California's state auditor has issued a scathing report criticizing the California Department of Pesticide Regulation (DPR) for inefficient processes responsible for growing delays in registering new products. The audit came a day after the Legislature passed a bill to increase the sales tax on pesticides to protect the department’s budget from insolvency.

The audit attributed the lengthy and variable processing times to insufficient staffing and inefficient processes, along with the lack of a formal process to determine those needs. The office found that DPR takes an average of 3.5 years to process registrations on new active ingredients and uses, twice as long as it took just four years earlier.

“Although DPR asserts that the existing regulatory standards for the length of its data evaluations are outdated, it has not taken steps to substantively update them since 1989, even though it is required to review its regulations every five years,” wrote State Auditor Grant Parks in a letter Tuesday to the administration and legislative leaders.“Long application processing times can delay the medical, agricultural and other benefits that pesticide products provide, and it can reduce revenue for businesses providing those products.”

The delays can affect registrants seeking to sell their products and levy a financial hit to DPR through lost revenues, since assessments are not collected on pending products.

The auditor raised alarms over DPR’s reliance on a paper-based system involving 24 disparate data systems, determining it is responsible for significant inefficiencies. DPR plans to launch in August an integrated digital system, known as CalPEST, which has further drained its limited resources. Its central funding account has dropped more than $7 million in the last five years while revenues have increased.

The downward spiral has driven the department to push in recent years for a dramatic bump in fees. In the most recent fiscal year, DPR had a budget of $132 million, supporting 450 positions.

In 2015 DPR announced its plan for CalPEST with a goal of implementing it by June 2017, but it extended the schedule three time as it struggled to select a contractor. Multiple vendor proposals failed to meet DPR’s procurement requirements, according to the auditor.

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The report recommends DPR establish “valid and measurable standards” for the time it should take to process applications and to report on its progress annually. Those concerns were reflected in Assembly Bill 2113, a measure that would approve the administration’s fee increase with legislative oversight and a set of guardrails requested by industry and environmental advocates.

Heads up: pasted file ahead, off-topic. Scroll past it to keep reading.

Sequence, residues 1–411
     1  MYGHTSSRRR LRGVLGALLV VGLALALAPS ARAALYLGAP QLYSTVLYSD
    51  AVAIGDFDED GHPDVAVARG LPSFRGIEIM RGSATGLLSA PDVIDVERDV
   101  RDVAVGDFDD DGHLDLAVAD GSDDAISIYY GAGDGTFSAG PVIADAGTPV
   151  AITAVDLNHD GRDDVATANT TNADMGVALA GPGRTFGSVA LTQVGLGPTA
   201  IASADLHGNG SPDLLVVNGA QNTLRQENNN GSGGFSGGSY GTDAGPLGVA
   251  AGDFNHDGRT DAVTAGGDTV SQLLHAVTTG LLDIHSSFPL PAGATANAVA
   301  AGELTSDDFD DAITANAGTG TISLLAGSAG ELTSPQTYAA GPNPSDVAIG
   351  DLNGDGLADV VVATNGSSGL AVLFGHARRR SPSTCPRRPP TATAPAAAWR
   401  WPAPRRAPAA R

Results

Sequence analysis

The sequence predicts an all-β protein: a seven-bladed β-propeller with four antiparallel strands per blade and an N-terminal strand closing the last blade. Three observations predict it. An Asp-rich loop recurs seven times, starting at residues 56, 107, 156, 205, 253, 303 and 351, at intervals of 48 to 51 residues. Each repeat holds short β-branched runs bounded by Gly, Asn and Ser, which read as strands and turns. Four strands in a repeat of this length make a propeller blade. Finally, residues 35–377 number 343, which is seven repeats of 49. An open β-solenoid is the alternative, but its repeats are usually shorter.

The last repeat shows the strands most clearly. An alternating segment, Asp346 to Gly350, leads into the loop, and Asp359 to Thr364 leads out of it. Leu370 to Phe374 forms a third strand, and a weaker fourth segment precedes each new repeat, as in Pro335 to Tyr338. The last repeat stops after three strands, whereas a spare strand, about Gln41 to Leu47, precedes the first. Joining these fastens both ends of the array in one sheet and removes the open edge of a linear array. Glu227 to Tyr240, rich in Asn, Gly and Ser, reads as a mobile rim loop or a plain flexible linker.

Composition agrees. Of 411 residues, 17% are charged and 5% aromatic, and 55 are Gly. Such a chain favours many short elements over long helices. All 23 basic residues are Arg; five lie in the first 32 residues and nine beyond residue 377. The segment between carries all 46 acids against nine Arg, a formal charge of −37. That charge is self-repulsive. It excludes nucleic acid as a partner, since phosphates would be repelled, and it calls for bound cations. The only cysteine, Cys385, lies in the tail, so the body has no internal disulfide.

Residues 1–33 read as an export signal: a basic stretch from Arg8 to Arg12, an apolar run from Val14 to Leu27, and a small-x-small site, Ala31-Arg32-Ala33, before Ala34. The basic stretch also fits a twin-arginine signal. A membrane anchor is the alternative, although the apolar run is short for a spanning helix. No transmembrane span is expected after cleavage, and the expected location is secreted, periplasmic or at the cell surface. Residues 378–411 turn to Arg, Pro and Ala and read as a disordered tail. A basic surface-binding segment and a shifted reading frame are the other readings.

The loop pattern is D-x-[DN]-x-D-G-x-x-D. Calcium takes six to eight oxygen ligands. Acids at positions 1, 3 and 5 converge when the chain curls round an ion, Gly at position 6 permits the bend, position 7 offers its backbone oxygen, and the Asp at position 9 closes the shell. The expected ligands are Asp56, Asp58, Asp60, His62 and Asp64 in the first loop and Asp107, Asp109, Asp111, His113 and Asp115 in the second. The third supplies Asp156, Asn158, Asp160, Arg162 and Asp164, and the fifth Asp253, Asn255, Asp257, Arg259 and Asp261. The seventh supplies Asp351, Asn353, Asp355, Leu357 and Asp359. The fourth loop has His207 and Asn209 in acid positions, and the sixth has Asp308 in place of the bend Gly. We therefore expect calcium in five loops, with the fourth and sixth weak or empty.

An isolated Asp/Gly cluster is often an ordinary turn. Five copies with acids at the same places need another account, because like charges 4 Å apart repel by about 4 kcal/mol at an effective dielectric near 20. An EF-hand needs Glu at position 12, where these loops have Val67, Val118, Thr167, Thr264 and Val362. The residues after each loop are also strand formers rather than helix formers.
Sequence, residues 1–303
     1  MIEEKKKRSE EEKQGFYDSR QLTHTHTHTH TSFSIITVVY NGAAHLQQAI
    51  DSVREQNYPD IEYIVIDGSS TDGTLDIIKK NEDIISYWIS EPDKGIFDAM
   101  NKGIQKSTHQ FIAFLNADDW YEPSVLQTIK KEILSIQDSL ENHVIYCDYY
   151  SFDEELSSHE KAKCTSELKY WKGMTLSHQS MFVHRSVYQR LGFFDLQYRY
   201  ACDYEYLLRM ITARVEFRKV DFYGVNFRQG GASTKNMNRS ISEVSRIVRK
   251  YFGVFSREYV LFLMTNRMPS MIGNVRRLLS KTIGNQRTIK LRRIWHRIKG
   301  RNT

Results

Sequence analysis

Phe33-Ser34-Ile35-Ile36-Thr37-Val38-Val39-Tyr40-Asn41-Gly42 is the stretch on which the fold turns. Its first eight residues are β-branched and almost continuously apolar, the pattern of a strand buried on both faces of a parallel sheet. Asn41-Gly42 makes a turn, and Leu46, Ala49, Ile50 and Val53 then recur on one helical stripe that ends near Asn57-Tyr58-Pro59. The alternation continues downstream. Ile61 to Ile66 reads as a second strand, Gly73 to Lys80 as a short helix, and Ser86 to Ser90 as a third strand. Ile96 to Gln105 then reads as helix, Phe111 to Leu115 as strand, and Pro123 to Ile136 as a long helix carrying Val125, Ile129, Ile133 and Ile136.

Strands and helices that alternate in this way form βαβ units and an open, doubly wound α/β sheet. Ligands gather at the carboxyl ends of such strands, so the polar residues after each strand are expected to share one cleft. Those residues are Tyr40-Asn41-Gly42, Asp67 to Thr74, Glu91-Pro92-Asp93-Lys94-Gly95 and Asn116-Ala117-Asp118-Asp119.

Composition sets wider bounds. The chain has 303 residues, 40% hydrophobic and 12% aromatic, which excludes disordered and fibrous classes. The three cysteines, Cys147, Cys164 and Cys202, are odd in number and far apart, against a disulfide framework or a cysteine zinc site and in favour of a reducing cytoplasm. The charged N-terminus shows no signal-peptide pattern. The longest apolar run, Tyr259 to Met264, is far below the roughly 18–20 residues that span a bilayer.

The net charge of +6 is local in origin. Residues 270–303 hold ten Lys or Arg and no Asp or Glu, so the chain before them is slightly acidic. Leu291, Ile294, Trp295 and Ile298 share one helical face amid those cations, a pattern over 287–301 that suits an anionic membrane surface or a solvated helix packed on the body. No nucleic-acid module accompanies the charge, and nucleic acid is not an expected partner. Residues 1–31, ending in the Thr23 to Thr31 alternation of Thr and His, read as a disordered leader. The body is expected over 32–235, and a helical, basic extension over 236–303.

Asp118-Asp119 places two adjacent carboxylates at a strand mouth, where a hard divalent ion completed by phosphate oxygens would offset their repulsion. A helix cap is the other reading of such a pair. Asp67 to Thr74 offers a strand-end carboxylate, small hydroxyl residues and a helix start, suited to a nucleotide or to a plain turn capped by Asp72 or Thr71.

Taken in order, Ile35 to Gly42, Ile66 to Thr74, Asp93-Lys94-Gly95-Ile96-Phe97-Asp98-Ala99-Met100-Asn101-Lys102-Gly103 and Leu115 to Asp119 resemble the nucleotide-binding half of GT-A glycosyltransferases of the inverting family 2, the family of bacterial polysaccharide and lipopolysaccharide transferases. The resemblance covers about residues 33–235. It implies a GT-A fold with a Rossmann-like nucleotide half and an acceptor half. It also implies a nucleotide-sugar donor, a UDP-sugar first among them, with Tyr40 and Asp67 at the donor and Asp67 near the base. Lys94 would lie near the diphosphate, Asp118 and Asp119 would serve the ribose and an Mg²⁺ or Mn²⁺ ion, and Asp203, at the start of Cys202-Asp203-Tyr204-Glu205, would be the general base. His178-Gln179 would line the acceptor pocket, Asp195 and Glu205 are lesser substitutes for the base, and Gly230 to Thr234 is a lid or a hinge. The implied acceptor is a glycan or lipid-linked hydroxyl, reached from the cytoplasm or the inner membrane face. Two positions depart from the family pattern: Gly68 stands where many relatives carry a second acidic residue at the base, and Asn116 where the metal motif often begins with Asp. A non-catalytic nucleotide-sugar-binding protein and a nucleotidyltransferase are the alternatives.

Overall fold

The administration’s initial proposal would have enabled DPR to enact additional increases in four years. AB 2113, however, would cap such increases, unless DPR returns to the Capitol for approval.

The bill would require DPR to register new products within two years and to publicly share its progress. Farm groups have worked closely with the author, Assemblymember Eduardo Garcia, D-Coachella, as well as the administration and legislative leaders to refine the bill.

The measure gained bipartisan support and swiftly advanced through committee hearings and floor votes.

In a statement to Agri-Pulse, DPR noted the auditor supported the changes underway to address the deficiencies.

"We are committed to streamlining and modernizing our pesticide evaluation and registration process to accelerate the availability of safe, effective alternatives and the systemwide adoption of sustainable pest management in California," said a DPR spokesperson. "We remain committed to continuing to evaluate and improve our work to protect public health and the environment and to support a stable, healthy food supply."

He pointed to "significant resources" in the budget signed this week to improve registration processes and support alternatives to certain conventional pesticides.

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